Small change to SSL ciphers
We’ve made a small technical change to the way our servers handle SSL connections. The change shouldn’t affect anyone, but we’re describing it here just for the record. If you have an SSL site with us and see any unexpected behavior, don’t hesitate to let us know.
The technical description of the change is that unless you’ve disabled both TLS 1.0 and SSLv3, our servers now prefer the “TLS_RSA_WITH_AES_128_CBC_SHA” cipher suites over DHE cipher suites like “TLS_DHE_RSA_WITH_AES_256_GCM_SHA384”. (We told you it was technical!)
This ensures compatibility with old versions of Java clients, which have a bug that prevents them working with 2048-bit DHE primes. Those primes are used in an Apache web server update to minimize the impact of Logjam and similar attacks, so without this change, Java 6 clients (and older Java 7 and Java 8 versions) would fail to connect.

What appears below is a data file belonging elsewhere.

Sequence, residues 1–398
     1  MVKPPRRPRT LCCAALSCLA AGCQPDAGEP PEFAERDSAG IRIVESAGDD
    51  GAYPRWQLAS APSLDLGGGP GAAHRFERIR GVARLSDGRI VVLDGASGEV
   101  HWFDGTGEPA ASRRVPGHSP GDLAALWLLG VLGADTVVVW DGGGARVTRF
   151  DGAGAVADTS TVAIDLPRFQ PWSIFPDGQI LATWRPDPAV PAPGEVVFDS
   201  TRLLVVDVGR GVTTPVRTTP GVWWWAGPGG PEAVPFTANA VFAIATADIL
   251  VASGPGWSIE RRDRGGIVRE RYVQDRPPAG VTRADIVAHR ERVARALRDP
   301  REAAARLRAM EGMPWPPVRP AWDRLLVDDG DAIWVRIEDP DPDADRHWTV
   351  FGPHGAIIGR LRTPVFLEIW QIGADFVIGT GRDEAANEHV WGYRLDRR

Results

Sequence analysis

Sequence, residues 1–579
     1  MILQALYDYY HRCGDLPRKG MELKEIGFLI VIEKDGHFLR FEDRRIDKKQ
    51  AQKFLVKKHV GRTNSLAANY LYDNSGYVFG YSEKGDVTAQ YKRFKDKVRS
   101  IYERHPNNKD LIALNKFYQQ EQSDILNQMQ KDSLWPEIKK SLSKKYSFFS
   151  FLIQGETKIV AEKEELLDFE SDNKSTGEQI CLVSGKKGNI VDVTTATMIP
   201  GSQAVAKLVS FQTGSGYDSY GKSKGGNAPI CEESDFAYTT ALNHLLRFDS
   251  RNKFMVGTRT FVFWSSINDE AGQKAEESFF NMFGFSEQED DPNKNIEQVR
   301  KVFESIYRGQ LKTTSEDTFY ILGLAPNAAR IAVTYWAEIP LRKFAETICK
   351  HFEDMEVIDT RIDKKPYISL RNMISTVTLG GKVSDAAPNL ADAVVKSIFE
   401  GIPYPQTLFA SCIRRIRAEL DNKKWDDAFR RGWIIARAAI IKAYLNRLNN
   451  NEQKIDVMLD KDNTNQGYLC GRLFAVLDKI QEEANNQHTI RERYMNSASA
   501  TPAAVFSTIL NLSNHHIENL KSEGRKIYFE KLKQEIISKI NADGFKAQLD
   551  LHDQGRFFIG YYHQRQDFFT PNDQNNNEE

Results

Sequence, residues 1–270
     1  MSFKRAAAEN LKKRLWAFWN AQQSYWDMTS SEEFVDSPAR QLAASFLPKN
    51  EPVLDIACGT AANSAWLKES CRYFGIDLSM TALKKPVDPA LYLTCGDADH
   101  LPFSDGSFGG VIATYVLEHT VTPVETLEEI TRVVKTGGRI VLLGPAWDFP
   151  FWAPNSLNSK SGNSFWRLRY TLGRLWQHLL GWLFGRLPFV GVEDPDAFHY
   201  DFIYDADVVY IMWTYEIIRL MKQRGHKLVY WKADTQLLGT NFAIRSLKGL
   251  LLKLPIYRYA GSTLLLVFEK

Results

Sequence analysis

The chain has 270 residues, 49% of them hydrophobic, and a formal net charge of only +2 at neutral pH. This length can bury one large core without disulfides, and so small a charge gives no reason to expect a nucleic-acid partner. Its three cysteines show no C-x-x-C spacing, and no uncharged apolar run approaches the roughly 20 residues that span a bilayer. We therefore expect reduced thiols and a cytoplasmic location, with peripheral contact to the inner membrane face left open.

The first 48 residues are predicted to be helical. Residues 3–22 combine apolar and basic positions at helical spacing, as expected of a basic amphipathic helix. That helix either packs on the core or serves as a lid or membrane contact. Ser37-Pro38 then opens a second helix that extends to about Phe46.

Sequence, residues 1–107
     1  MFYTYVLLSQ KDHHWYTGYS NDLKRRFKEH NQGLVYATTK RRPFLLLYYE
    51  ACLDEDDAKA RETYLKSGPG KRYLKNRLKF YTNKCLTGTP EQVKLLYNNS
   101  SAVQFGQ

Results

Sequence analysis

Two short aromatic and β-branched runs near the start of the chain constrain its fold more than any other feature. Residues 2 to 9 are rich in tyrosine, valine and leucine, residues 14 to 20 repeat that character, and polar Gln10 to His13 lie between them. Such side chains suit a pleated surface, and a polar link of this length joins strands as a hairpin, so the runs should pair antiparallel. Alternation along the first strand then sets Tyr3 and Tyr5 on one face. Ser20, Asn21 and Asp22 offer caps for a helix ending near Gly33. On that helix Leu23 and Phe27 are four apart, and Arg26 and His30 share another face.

The drawback of this change is that it removes forward secrecy support with some very old browsers, like Internet Explorer on Windows XP. However, the extra compatibility is a reasonable trade-off for that since those are little used, and this is the same trade-off made by (for example) google.com. Forward secrecy still works with all modern browsers, because our servers prefer ECDHE ciphers to all others.